Autumnaged Care

When A Loved One Goes Into Care: Addressing The Whole Family

Autumnaged Care

When A Loved One Goes Into Care: Addressing The Whole Family

It is very difficult to predict what or how we will be feeling when the hard decisions in life have to be made. Not until many of us are in the situation, of having to discuss and plan the possibility or necessity of putting our senior parents in full time care, does the scope hit us. Countless adult children have spoken of the significantly emotional journey of figuring out what is best for their parents and themselves. You are not alone in this struggle.

Peter Silin is a geriatric social worker who has been working in this field and has aided both potential residents and family members in this tricky time. He speaks into the myriad of emotions that grace our hearts, from guilt, responsibility, to anxiety and stress. From his experience, he believes that the whole situation must be addressed, from seniors parents to the adult children that are wondering what to do.

In a perfect world, we’d never have to make these decisions. We would be able to allow our parents to stay in their homes for as long as they wanted. We’d be able to increase the level of in-home care to meet their growing needs. Yet the price of in-home care makes this option inaccessible for so many. With around the clock help being unaffordable, the only other option has to be faced. However placing a parent in a residential aged care facility, especially if they’ve directly asked not to be can be a harrowing experience. People across the globe speak about the sadness, anxiety, grief, sense of loss, guilt and doubt that ricochet around their brains at this time.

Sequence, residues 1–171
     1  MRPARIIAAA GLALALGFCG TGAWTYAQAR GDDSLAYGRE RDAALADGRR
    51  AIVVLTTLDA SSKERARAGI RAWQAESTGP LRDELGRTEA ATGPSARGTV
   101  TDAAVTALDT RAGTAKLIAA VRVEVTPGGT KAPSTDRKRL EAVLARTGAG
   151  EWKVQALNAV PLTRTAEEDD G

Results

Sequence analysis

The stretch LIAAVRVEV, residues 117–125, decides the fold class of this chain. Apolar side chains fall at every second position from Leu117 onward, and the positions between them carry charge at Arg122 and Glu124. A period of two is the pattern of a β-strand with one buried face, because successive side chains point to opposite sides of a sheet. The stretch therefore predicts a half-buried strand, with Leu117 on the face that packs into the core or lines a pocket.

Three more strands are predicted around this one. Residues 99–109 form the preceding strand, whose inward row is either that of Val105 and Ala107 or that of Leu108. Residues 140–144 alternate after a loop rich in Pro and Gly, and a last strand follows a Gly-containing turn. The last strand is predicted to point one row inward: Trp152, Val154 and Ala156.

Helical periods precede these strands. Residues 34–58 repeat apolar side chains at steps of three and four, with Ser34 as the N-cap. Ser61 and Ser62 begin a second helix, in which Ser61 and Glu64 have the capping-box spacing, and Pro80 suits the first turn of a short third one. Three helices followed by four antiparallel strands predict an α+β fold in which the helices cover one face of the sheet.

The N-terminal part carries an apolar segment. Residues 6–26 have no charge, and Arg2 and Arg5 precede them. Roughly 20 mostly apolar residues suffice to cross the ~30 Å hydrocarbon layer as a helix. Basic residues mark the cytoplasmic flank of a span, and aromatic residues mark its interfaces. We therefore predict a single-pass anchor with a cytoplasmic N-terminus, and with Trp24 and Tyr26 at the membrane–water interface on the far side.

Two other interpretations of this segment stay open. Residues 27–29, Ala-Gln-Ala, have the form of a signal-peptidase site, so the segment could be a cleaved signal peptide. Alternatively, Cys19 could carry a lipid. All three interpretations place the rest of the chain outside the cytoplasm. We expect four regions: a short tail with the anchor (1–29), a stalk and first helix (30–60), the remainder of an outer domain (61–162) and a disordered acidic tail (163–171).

Peter Silin has written about this time, for the whole family. If you or anyone in your family are in this position, it would be tremendously beneficial to give his blog a read.

To help you and your senior loved one go through the emotional process of thinking about, planning and moving into residential aged care as best as you can.

  1. Get as much done as you can as a family. Include your loved one in all the decisions about where, when, how and what. Having the move organised can go a long way toward helping everyone feel most at ease. This might entail deciding which clothes, furniture and knick-knacks they want to take into their new room and boxing it all up nicely (with labels!)
  2. Go with your loved one on a ‘soft’ visit to their new home before they move in. Find out the nurses and staff who will be working with your loved one and facilitate a casual introduction and interaction.
  3. Find a new doctor that is close to where they will be residing, either one from in the facility or close by. Start this process with enough lead time so that they can get comfortable with their new doctor.
  4. Create a care plan for yourself. Know that looking after yourself is not only necessary it will also help you put your best foot forward in the decision making and moving time. Have afternoons where you aren’t thinking about the move or the need to move. Have someone to talk to and realise that this time will bring on inevitable stress and you have the right to decompress in a way that suits you.
  5. Self-talk. Self-talk as much as you need. Tell yourself that it will eventually get easier and the stress will subside.
  6. As concerns or stresses arise, start writing lists. Getting everything out on paper can be a huge help. Categorise the lists, one for questions about the residence and the second one for concerns regarding your loved one. By having it all down on paper your mind can be freed from some of the busy-ness going on. You can deliberate on how to address the concerns and get prepped to face them.

Peter has many more approaches that are helpful in how to make sure you and your senior loved one can manage and cope in this time of change.

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